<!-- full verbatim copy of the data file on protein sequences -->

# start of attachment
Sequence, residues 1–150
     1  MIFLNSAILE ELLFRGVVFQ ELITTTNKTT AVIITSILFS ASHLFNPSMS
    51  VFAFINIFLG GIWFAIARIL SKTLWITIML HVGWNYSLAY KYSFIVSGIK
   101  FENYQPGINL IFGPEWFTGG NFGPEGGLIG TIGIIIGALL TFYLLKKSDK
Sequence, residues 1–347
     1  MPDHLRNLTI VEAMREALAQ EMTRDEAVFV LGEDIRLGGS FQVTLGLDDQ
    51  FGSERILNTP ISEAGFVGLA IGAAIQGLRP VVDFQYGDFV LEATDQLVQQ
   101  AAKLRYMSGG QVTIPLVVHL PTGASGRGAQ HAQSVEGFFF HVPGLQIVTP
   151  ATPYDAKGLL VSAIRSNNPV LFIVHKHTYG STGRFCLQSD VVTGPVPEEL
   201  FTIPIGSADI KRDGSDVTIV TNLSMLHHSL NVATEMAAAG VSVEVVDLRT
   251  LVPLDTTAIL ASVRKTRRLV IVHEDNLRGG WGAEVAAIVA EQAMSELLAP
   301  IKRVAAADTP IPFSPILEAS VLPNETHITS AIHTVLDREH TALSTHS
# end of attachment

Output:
Sequence, residues 1–150
     1  MIFLNSAILE ELLFRGVVFQ ELITTTNKTT AVIITSILFS ASHLFNPSMS
    51  VFAFINIFLG GIWFAIARIL SKTLWITIML HVGWNYSLAY KYSFIVSGIK
   101  FENYQPGINL IFGPEWFTGG NFGPEGGLIG TIGIIIGALL TFYLLKKSDK
Sequence, residues 1–347
     1  MPDHLRNLTI VEAMREALAQ EMTRDEAVFV LGEDIRLGGS FQVTLGLDDQ
    51  FGSERILNTP ISEAGFVGLA IGAAIQGLRP VVDFQYGDFV LEATDQLVQQ
   101  AAKLRYMSGG QVTIPLVVHL PTGASGRGAQ HAQSVEGFFF HVPGLQIVTP
   151  ATPYDAKGLL VSAIRSNNPV LFIVHKHTYG STGRFCLQSD VVTGPVPEEL
   201  FTIPIGSADI KRDGSDVTIV TNLSMLHHSL NVATEMAAAG VSVEVVDLRT
   251  LVPLDTTAIL ASVRKTRRLV IVHEDNLRGG WGAEVAAIVA EQAMSELLAP
   301  IKRVAAADTP IPFSPILEAS VLPNETHITS AIHTVLDREH TALSTHS